Beginning fall semester of 2017, UNH will eliminate tuition costs for approximately 285 incoming first year students, according to UNH Today.

According to UNH Media Relations Director Erika Mantz, this program, titled the Granite Guarantee, is overseen by the UNH Financial Aid Department and will pay the outstanding cost of tuition after merit scholarships and grants are applied. To qualify for the Granite Guarantee, students must be Pell grant recipients and have been admitted to the university’s Durham or Manchester campuses for fall 2017 as a full time, in-state student.

U.S. News and World Report ranked New Hampshire as number 48 in the nation in regard to students graduating from higher education institutions with low debt. According to UNH’s Undergraduate Admissions’ web page, in-state tuition for the 2017-18 academic school year is $28,562 including tuition, fees, and room and board. In an attempt to make college more affordable, Granite Guarantee eligible students will receive approximately $4.8 million in grant and scholarship aid, according to Mantz.

“Removing barriers to higher education for the state’s best and brightest students has been the top priority of President [Mark] Huddleston over the last decade,” Mantz said. “And the Granite Guarantee demonstrates our strong commitment to access and affordability.”

The Free Application for Federal Student Aid (FAFSA) process determines who is Pell-eligible, meaning the university has no say in the selection of its Granite Guarantee students.

According to the U.S. Department of Education’s website, “The Federal Pell Grant Program provides need-based grants to low-income undergraduate and certain post-baccalaureate students to promote access to postsecondary education.”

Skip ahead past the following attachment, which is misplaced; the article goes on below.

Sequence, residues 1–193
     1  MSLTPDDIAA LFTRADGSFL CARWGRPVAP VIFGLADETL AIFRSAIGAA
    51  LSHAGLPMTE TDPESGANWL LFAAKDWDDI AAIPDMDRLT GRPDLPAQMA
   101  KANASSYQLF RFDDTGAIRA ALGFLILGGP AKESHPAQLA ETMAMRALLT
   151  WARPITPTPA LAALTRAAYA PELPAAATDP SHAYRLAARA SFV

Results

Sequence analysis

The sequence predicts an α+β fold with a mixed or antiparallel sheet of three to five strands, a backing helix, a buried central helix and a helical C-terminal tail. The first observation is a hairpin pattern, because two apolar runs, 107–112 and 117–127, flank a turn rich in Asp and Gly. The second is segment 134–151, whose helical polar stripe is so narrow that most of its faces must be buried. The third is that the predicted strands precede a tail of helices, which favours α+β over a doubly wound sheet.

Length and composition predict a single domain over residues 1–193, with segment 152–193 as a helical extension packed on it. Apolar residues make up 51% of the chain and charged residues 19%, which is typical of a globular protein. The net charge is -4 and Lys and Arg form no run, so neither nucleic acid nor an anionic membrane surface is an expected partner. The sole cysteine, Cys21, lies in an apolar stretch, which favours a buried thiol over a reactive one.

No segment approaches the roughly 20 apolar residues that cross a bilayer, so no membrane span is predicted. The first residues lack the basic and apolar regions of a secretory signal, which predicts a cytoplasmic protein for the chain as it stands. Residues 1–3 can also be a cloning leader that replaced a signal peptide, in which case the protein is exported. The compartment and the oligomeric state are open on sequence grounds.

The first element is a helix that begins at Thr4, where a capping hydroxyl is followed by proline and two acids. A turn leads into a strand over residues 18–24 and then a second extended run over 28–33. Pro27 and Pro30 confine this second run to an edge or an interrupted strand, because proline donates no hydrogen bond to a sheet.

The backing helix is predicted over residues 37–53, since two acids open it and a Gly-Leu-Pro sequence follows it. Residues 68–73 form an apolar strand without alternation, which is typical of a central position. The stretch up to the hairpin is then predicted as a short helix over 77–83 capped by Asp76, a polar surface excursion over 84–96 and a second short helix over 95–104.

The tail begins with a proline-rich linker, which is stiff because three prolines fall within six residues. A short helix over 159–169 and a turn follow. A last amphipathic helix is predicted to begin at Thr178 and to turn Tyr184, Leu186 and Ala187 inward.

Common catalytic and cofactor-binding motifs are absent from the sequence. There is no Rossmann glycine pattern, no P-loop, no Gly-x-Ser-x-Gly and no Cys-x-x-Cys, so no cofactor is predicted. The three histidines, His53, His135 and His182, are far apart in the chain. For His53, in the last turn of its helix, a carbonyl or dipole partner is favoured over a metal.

Pell grants are either credited to the recipient’s account or awarded directly to the student in the form of a check. For the 2016-17 award year, the maximum award is $5,815. However, individual award is dependent on tuition cost, financial need, whether the student is full or part time and their plans to attend school for a full or half academic year.

“This year, 21 percent of all New Hampshire undergraduates at UNH were Pell-eligible,” Mantz said.

According to Student Body President Jonathan Dean, the program is exactly what students have been asking for. Though Dean states his complete support for lowering tuition and fees, he notes it can be very challenging for the institution to do so given its overall expenses and limited state funding.

“It’s a good effort by the university to show students that they care and that they want to assure that all students can attend the University of New Hampshire,” Dean said.

According to UNH’s Granite Guarantee Webpage, the program’s implementation is directly related to the fundraising conducted by the Celebrate 150 campaign, though it does not specify how much the campaign contributed.

According to Mantz, the Granite Guarantee is a “four year commitment” if the students remain Pell-eligible during their matriculation through UNH. Though the program is not available to current or transfer students, there is hope to broaden eligibility in the future.

“UNH hopes in future years, depending on continued robust fundraising and increased state support, to expand this program beyond first-time freshmen,” Mantz said.

Executive Editor